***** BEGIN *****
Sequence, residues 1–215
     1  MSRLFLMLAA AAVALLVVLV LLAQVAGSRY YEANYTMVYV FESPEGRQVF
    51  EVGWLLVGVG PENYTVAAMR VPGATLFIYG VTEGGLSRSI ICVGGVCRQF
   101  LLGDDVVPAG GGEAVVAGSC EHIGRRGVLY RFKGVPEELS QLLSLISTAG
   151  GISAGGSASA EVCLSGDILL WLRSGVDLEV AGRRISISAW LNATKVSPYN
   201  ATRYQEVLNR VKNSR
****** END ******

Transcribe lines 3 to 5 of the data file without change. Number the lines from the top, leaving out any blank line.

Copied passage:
    51  EVGWLLVGVG PENYTVAAMR VPGATLFIYG VTEGGLSRSI ICVGGVCRQF
   101  LLGDDVVPAG GGEAVVAGSC EHIGRRGVLY RFKGVPEELS QLLSLISTAG
   151  GISAGGSASA EVCLSGDILL WLRSGVDLEV AGRRISISAW LNATKVSPYN